Hyssington

HYSSINGTON (called by the Welsh IS-ATTYN), a parish, in the union of Clun, partly in the hundred of Chirbury, county of Salop, but chiefly in the Lower division of the hundred of Montgomery, county of Montgomery, North Wales, 3 miles (E. by N.) from Churchstoke; containing 364 inhabitants, of whom 300 are in Hyssington township. This parish is intersected by the road from Churchstoke to Shrewsbury, and is bounded on the north and east by Shropshire, on the south by the parish of Snead, and on the west by Churchstoke. It comprises about 2500 acres, of which 2000 are arable, pasture, and woodland, and the remainder common, or land just inclosed. The soil passes through several varieties, from the stiffest clay to the lightest earth; the latter produces fine barley and turnips, besides which wheat, oats, peas, and potatoes are grown. The land in general is undulated; it is ornamented in various parts with oak, ash, and elm, and has numerous rivulets and brooks. A mountain, at the foot of which the village is situated, rises to the height of upwards of 1700 feet above the level of the sea, and forms the forest of Corndon, or Carn Attyn, which is principally within the parish. This mountain has three summits, formed by three cairns, the supposed sepulchres of ancient British heroes, which command extensive views, embracing the Welsh mountains, and the Wrekin, Clee, Malvern, and other hills, together with the Black Mountain in Herefordshire.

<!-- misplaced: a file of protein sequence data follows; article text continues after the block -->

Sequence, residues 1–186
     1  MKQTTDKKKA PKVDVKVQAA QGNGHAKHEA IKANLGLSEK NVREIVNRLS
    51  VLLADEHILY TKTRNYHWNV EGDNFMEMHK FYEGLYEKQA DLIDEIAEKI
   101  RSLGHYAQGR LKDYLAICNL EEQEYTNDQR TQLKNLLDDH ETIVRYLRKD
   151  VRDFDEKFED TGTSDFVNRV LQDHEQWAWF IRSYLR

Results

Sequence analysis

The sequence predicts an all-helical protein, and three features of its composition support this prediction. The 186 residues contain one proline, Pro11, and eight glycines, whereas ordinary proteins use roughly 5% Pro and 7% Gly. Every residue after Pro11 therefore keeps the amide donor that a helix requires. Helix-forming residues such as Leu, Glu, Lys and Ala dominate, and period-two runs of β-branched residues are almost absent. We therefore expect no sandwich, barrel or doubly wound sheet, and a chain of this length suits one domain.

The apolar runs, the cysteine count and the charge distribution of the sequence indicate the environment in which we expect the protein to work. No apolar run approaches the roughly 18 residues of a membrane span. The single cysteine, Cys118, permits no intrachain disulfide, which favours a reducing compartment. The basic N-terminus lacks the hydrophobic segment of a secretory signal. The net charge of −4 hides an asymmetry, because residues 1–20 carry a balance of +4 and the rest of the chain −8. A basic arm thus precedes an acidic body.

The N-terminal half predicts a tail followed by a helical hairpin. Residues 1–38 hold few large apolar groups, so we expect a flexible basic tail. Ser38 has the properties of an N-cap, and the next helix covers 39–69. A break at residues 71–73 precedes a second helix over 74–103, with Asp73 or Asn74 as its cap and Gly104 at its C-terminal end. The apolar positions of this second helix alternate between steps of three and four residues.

The living is a perpetual curacy, endowed with £600 private benefaction, £600 royal bounty, and £1100 parliamentary grant; net income, £161; patron, the Rev. R. E. Owen; impropriators, W. Pinches and J. Clayton, Esqrs. The impropriate tithes have been commuted for a rent-charge of £170, and those payable to the perpetual curate for one of £11. The church is a small structure, about fifty feet in length, in the early style of English architecture, and appears to have been built within the precincts of an ancient castle, of which some vestiges may be distinctly traced on the summit of a small rocky eminence adjoining the churchyard. Upon an old bell in the steeple, now broken, was inscribed, in Saxon characters, "Sancta Etheldreda, ora pro nobis." Edward Stretford, in 1767, left £10, the interest to be distributed among the poor, and Dorothy Griffiths left £5 for a like purpose; the two sums were expended in renewing the church about sixty years since, but the interest continues to be paid, and is distributed with a rent-charge of 2s. upon the Yew-tree farm, by the minister and churchwardens, among the poorest people not receiving parochial aid. On a farm in the parish, called "the Llan," are the remains of an encampment.